Meet our Resident Turtles

The main species nesting on our local beaches are the Loggerhead turtle and the Green turtle.

 

If you watch closely you will see resident Green turtles often bobbing and feeding along the beaches and rocks from Moffat Headland to Kings Beach.

During November – March Loggerhead turtles nest in the dunes. These eggs take 8-11 weeks to incubate – January – April. When ready, the baby turtle hatchings emerge at night as temperatures are cooler and less chance of becoming prey for other animals.

Despite this, still only 1 out of 1,000 hatchlings survive to breed at the age of 30. On average Loggerhead Turtles will live 60-80 years and most likely return to the region of their birth when it is time to nest.

What’s the difference?

Green Turtle – Chelonia mydas

Among the largest sea turtles in the world, green turtles can weigh up to 200 kg (about 440 lb). Critter cameras and GPS trackers recorded them traveling 2,000 km (about 1,240 mi) to get from nesting sites to feeding grounds. They are mostly found grazing near grassy seafloors and are believed to get more than 100 years old. When females are ready to nest, they usually choose the same beach used by their mothers. They lay up to 120 eggs, and like many other sea turtle species, only a small fraction of these survive. Their eggs look similar to deflated ping pong balls and soft to the touch. Their gender is determined by the temperature of the surrounding sand during their incubation period.

Why are they so important?

Since green turtles feed on seagrasses and algae, they maintain the seagrass beds healthy and productive – you can compare this with trimming the plants from your garden, which is necessary to make them grow better.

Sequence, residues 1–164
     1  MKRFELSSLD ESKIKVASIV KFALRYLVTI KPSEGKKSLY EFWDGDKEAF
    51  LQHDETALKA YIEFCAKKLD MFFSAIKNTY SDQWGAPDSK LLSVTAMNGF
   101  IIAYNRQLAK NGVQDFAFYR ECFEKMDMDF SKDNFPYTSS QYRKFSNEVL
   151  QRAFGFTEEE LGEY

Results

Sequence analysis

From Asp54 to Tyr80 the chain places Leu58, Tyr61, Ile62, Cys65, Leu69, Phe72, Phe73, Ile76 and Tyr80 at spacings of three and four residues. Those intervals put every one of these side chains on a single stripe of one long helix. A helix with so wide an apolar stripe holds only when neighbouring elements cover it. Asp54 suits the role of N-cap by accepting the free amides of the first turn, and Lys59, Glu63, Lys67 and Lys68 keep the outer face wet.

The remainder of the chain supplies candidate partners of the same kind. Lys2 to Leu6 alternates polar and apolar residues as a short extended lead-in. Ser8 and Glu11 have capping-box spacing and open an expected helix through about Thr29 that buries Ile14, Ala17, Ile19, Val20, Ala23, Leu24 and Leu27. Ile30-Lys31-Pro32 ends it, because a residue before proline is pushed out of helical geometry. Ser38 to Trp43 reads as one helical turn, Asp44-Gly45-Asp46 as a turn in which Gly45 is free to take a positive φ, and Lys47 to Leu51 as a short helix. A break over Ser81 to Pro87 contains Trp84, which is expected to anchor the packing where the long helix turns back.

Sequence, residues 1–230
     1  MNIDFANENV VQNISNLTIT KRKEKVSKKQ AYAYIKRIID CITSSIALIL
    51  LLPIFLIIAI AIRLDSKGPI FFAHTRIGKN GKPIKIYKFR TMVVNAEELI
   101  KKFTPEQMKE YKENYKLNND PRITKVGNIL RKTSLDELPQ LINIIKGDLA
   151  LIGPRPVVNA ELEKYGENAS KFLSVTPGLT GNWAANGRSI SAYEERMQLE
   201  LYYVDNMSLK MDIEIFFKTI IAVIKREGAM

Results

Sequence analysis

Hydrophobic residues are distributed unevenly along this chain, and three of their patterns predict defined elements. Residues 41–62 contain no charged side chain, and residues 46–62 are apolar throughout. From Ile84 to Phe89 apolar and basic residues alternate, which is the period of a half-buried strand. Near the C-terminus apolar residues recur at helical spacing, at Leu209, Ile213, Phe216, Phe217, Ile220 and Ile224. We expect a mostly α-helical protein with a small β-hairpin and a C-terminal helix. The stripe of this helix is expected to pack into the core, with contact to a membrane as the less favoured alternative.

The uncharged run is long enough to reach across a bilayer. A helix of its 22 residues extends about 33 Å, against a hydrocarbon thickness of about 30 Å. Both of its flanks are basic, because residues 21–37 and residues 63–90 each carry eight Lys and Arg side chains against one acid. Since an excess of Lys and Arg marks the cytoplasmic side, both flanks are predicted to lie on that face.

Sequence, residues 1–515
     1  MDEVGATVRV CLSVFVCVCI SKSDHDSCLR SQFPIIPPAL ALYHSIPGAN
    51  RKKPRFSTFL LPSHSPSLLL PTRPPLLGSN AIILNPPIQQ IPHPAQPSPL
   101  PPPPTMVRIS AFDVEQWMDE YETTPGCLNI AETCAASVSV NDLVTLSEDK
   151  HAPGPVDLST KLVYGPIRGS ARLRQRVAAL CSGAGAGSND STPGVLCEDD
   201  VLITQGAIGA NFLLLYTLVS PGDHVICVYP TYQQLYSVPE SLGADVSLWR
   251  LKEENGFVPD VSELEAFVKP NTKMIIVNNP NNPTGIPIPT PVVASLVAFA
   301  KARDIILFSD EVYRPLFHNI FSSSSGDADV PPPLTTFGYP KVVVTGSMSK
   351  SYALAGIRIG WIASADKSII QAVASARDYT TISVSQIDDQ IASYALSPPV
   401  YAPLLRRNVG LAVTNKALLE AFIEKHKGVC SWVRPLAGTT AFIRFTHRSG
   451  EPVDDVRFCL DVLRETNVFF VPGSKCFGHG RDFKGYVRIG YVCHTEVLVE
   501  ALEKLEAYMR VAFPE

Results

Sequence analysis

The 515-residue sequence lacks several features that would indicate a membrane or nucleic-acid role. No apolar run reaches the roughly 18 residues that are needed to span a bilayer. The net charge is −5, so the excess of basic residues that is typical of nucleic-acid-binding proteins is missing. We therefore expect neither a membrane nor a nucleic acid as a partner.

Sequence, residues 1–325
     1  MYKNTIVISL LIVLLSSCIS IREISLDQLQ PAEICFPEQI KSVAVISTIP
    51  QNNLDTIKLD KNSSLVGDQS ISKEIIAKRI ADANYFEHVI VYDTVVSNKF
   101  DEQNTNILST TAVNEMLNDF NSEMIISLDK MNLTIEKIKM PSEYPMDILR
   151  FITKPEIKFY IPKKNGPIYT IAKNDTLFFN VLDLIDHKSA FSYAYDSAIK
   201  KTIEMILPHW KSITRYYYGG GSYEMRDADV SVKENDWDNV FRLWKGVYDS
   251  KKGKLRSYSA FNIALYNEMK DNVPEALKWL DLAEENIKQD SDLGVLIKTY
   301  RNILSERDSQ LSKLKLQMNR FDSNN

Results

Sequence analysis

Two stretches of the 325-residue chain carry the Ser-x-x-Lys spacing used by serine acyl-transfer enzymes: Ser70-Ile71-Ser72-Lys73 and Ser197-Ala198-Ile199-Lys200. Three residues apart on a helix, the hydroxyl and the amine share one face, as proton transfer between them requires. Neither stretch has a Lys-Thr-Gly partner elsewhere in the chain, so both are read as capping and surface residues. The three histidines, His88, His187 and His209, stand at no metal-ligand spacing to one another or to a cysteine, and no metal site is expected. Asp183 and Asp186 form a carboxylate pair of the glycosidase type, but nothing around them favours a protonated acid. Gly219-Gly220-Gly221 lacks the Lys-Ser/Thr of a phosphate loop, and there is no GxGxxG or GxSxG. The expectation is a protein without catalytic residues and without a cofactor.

When this turtle digests the seagrass, it becomes available as recycled nutrients to countless marine species living in the seagrass ecosystem. Healthy seagrass beds lead to a healthy nursery habitat (a place where many species of fish and invertebrates spend part of their life to grow). Many of these species that depend on seagrass beds serve as food to hundreds of millions of people.

AT A GLANCE

  • Round, steep and smooth carapase.
  • Carapace colour can be brown or olive.
  • 4 pairs of costal scutes.
  • 1 claw found on each flipper.
  • Can grow up to 120 cm long (about 47 in).

Loggerhead Turtle – Caretta caretta

They are massive at 230 kg (about 500 lb), dive up to 230 m (about 750 ft) deep to regulate their body temperature and can get over 100 years old. Distinguished by their large head and strong jaws, loggerhead turtles are generally not mean spirited, although there have been cases where they attack people with their powerful beak. You may be cautious and respect their space. As if this wasn’t badass enough, they also feed on the incredibly poisonous Portuguese man-o-war jellyfish (just like the nudibranchs). They also feed on mollusks, crabs, sponges and urchins. Females nest about every 2 years and lay between 40 to 190 eggs per clutch.

Why are Loggerhead Turtles important?

To find their favorite prey, loggerheads excavate sediments from the sea floor, which is essential to maintain its balance. They also provide their shell as a habitat to at least 100 different species of small plants and animals.

Why do we need to protect Loggerhead Turtles?

The World Wild Fund (WWF) considered loggerheads as an extremely vulnerable species, since their nesting beaches are under threat from tourism development. As other turtle species, loggerhead is hunted for its meat and eggs and its population is decreasing due to pollution, climate change and bycatch (incidental capture).

At a glance

  • Big head and large neck.
  • Heart shaped carapace, reddish brown with 5 pairs of costal scutes.
  • 2 claws found on each flipper.
  • Can grow up to 110 cm (about 43 in) long.

How we all can help these endangered turtles?

Our oceans and beaches are still polluted – the problem is that when eaten by any marine life, creates a very slow and painful death.

The solution is very SIMPLE – Take your rubbish with you! or if you see it, pick it up – leaving our beaches for all to enjoy.

To report Nesting turtle sightings, turtle tracks, hatchling sightings or tracks call: TurtleCare Hotline 0437 559 067
For any stranding’s Hotline 1300 130 372

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